Nora absconds from S.T.A.R. Labs with three things: Spencer Young’s meta-tech phone, and Cisco and Sherloque. She orders Cisco to reprogram Spencer’s phone so they can use it, and Cisco hilariously points out that he was in this exact situation five years ago and rightfully calls them a rogues cover band. Not only that, but his reaction seeing Queen Bee is also hilarious, too. “Is that crazy bee girl? Hey girl, what’s going on? What a throwback!” he says. Nora responds to Cisco’s flippancy by threatening him with Reverse Flash’s signature move, a hand through the heart. “How’s this for a cover band?” Nora snarls. And Cisco caves and agrees to do the work. I love how this scene mixed up both funny and dramatic allusions to season 1.

After his encounter with Nora, Barry is convinced that she’s been irredeemably corrupted by Thawne and is determined to bring her in. However, Iris — who has been busy piecing together Nora’s plan with Cecile and figures out that she’s trying to steal some meta-tech from McCulloch to defeat Cicada II — argues that maybe they should trust Nora even if she’s following a plan that Thawne came up with. Iris believes Nora has made them better people and she wonders if she’s done the same for Thawne. Both this and some words of wisdom about trust from Joe convince Barry to not write his daughter off completely.

Meanwhile, Nora has a heart-to-heart with her new team, all of whom tell her that she can’t depend actually depend on family. “When people tell you that family is always going to be there for you, they’re full of it,” says Weather Witch, adding that they’re her new family now. Of course, the new rogues turn on Nora the minute they break into the McCulloch’s testing lab. They take her and the other McCulloch employees hostage and threaten to kill them unless the Flash reveals his identity, because they want to make a name for themselves.

In a surprising twist, though, Team Flash was already on the scene in disguise as McCulloch employees. So, they unmask themselves, and Barry and Nora bury the hatchet in Flash Time before knocking Weather Witch and Queen Bee out. Meanwhile, Iris knocks Rag Doll out with one punch.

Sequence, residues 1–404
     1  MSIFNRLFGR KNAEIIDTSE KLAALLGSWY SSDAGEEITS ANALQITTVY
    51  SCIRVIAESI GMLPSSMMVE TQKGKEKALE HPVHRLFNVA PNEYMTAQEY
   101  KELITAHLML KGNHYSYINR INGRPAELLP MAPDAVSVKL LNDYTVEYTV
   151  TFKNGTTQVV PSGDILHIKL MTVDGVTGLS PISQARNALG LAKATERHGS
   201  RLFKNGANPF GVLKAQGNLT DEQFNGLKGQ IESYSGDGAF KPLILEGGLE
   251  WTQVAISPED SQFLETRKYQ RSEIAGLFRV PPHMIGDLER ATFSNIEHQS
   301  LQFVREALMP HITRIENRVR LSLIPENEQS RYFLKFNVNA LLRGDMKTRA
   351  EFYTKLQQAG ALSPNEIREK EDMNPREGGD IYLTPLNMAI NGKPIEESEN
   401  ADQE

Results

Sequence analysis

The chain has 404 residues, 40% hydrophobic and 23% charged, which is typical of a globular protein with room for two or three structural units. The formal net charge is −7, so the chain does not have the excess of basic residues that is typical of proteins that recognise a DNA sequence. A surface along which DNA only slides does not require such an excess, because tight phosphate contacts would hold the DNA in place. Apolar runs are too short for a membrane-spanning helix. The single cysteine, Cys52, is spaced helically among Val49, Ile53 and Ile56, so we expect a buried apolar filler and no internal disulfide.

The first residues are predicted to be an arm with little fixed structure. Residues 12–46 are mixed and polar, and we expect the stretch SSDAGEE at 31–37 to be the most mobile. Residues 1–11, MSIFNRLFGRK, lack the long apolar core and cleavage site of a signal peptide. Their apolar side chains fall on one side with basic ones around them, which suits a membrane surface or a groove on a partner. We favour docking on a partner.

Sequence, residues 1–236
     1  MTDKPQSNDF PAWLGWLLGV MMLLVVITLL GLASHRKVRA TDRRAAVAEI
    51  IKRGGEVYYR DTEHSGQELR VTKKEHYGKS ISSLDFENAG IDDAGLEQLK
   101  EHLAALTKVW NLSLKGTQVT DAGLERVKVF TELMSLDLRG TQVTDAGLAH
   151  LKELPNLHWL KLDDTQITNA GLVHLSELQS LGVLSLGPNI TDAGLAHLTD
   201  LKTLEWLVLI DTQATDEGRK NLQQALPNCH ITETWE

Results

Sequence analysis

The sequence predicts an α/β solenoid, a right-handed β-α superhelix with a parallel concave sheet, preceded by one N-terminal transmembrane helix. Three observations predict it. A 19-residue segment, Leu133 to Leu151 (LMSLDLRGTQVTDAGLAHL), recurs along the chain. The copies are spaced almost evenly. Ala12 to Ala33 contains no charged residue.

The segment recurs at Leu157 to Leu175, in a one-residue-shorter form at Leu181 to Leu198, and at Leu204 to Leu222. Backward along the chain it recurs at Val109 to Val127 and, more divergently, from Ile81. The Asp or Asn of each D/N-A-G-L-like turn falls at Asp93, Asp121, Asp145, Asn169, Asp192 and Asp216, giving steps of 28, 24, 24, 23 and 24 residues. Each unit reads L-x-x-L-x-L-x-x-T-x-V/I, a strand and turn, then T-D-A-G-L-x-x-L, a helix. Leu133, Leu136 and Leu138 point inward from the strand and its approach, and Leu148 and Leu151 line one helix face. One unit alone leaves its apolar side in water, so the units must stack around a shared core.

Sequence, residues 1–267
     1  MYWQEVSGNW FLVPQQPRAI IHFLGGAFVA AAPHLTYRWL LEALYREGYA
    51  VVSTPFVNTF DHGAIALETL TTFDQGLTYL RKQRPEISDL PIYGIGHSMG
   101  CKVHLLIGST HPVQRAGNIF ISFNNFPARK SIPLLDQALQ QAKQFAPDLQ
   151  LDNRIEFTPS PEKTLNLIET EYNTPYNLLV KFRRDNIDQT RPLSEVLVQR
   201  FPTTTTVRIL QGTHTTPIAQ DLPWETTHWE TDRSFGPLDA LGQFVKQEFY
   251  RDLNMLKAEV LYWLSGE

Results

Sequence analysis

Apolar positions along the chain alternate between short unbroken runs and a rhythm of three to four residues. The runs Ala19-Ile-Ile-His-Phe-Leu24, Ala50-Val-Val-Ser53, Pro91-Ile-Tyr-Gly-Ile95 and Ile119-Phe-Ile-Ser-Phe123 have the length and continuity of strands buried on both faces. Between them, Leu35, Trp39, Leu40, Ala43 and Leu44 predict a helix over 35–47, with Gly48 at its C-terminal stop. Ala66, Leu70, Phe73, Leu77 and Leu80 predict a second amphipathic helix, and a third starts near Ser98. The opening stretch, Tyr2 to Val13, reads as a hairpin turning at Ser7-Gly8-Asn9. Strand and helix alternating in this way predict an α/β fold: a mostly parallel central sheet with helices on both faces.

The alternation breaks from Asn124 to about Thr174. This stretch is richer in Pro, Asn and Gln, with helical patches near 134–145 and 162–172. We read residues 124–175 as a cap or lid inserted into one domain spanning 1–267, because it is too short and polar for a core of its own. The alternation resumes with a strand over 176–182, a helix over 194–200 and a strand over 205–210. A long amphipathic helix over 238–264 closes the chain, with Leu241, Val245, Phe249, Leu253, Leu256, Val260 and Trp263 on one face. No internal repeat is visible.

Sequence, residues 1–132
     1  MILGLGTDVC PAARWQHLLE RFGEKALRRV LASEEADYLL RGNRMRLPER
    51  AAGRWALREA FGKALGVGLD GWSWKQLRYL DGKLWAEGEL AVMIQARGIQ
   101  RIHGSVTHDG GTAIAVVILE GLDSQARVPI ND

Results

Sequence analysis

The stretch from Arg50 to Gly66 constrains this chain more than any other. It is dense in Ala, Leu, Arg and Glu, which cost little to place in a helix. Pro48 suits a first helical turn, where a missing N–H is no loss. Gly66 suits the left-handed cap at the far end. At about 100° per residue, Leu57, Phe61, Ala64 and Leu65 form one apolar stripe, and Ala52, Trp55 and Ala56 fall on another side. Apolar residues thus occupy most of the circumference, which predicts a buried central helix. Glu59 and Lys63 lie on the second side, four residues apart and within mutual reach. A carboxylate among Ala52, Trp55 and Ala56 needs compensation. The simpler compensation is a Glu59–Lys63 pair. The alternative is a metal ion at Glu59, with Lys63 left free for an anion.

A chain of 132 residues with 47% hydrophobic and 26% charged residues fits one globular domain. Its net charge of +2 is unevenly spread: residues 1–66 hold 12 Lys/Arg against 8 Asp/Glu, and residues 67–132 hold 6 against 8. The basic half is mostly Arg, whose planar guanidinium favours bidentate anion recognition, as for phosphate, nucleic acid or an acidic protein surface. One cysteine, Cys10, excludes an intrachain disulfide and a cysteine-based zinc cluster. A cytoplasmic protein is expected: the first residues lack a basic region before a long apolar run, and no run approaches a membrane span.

In the wake of the heist, Nora reveals that she broke into McCulloch to steal a mirror gun, which was built from the satellite shards and is capable of destroying anything, including Cicada II’s dagger. Even though Barry bristles at doing anything Thawne tells them, he agrees to go along with the plan because he trusts Nora.

Unfortunately for Team Flash, though, the Cicada II situation has become even more dangerous: Ralph and Caitlin figure out that Cicada II stole the prototypes of Cisco’s metahuman cure and plans on using the cryo-atomizer to kill every metahuman with it.

Overall, I thought this was a pretty solid episode; however, there’s something a bit wonky about its message. The last time we saw Weather Witch, she saved Nora from a speeding car, the implication being that she and other villains weren’t irredeemably bad. But this episode really undercuts that idea that people can change by having her double-cross Nora in the penultimate act and calls into question Nora’s faith in people. Weirdness aside, though, I suspect the purpose of this is to prepare us for Thawne’s eventual betrayal.

Wall of Weird:

  • There’s a moment in this episode where you think the show is leading to romance between Ralph and Caitlin, but it hilariously swerves as both characters confirm that they aren’t interested in each other. It’s great.
  • Sherloque helps Cisco realize that the reason he hasn’t told his girlfriend about his secret identity is because he’s considering giving it up.